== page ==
without disagreeing with anything said previously, consider this.

Imagine an engine with the shortest rods imaginable for the stroke, lets say 4.5" rods on a 3" stroke crank with a really short piston.

At mid-travel in the bore the angularity of the rod is huge, maybe 30 degrees (I'd calculate but Mr. Budweiser is visiting tonight).

One of Newton's suggestions has to do with equal and opposite reactions, so the side thrust from the angularity of the rod has to go somewhere. As Dana Carvey might say ... could it be.... friction?

Now imagine an insanely long rod, no limit on deck height, this is a stationary engine bolted to the floor.... the rod is 3 feet long.

The angularity is smaller, not insignificant but significantly reduced.

Back in the before my time days of Nascar, Smokey Yunick offset the crank bore in some straight sixes because the angularity of the rod on the power stroke caused more friction than more angularity on the exhaust and compression strokes.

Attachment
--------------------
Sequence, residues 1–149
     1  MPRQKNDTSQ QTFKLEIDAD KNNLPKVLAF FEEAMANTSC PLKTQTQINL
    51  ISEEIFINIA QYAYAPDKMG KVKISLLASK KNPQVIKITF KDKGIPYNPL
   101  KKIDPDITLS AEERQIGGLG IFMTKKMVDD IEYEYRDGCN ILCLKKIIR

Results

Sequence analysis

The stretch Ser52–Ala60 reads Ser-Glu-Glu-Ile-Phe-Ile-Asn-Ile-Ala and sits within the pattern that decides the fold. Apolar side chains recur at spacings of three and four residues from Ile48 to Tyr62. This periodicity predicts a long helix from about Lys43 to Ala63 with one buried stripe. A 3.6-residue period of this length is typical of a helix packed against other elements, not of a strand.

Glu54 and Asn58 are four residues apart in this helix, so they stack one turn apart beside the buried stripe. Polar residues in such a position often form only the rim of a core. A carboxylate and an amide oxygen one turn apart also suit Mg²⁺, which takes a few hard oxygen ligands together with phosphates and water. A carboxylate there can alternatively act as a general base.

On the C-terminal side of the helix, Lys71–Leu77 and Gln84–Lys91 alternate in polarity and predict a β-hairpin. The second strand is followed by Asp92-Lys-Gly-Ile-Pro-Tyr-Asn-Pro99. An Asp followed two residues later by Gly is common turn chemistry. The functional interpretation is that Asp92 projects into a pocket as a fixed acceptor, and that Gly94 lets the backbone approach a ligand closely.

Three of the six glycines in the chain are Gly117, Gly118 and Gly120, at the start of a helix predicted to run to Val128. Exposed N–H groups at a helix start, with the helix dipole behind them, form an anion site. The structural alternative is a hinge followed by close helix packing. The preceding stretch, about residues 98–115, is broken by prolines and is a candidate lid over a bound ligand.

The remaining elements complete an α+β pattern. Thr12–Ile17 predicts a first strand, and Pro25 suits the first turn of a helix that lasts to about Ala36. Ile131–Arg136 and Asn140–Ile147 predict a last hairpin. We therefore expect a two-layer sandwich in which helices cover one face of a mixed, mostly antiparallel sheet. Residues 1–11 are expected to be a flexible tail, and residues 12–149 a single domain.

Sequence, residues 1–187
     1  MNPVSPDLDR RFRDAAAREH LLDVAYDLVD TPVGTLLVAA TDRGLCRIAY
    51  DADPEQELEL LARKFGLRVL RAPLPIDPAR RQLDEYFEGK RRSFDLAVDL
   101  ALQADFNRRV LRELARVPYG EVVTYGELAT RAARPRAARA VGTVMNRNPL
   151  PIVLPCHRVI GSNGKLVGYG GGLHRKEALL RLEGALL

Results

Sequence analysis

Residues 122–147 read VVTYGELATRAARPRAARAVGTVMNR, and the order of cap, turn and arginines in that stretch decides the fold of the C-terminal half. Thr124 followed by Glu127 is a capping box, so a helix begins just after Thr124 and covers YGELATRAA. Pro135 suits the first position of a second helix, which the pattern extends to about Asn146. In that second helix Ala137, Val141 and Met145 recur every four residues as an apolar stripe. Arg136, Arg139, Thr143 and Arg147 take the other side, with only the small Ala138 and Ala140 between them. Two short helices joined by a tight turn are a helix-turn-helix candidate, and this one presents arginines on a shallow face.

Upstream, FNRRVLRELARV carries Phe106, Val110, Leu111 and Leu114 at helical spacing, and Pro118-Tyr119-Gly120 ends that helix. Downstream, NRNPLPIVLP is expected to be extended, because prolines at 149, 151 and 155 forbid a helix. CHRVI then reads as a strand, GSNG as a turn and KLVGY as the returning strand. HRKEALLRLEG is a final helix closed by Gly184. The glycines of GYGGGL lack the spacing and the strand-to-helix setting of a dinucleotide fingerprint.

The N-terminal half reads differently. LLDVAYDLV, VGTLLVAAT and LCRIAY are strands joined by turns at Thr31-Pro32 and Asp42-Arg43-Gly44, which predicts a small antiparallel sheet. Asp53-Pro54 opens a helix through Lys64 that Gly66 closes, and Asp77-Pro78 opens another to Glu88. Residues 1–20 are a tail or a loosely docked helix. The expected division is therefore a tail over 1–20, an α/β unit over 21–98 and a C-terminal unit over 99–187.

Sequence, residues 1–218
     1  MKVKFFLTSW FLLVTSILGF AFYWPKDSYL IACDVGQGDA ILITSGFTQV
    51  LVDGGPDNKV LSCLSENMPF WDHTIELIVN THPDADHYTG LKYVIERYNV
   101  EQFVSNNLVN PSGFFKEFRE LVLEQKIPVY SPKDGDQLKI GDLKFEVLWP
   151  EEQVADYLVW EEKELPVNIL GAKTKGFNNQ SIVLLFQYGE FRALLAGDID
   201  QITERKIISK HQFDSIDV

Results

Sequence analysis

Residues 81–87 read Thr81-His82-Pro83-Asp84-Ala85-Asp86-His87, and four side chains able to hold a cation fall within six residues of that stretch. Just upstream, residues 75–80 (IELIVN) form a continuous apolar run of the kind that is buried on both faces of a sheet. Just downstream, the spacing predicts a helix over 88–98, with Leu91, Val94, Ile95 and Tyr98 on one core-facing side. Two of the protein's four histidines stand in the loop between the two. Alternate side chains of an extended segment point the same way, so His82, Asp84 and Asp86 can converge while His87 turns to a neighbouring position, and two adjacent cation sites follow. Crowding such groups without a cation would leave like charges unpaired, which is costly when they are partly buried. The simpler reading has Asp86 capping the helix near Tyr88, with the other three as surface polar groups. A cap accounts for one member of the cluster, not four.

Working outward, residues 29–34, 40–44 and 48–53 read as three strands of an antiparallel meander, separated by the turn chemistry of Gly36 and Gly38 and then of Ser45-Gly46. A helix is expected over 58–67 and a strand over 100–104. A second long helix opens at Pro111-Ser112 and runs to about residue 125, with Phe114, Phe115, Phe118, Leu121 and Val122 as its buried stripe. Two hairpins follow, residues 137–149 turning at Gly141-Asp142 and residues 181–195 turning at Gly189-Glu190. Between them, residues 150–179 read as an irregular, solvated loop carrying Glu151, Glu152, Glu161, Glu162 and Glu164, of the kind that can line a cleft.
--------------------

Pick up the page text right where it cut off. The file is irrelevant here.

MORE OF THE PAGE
I am considering all the time at TDC and piston speed arguments I here and they may be right but I haven't got my simple brain around them yet. I do understand trigonometry though....

Like most engine discussions there's probably more interaction to it than we have gotten to yet.
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Old 12-23-2004, 06:32 AM
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Long or short rods vs. detonation

There is not going to be a correct answer for this question, because you haven't set any parameters. Just stating which is going to reduce detonation isn't going to give you anything to go one, since you do not have criteria to work with. Also the bigger question would be why you have detonation in the first place, and what you're trying to prevent.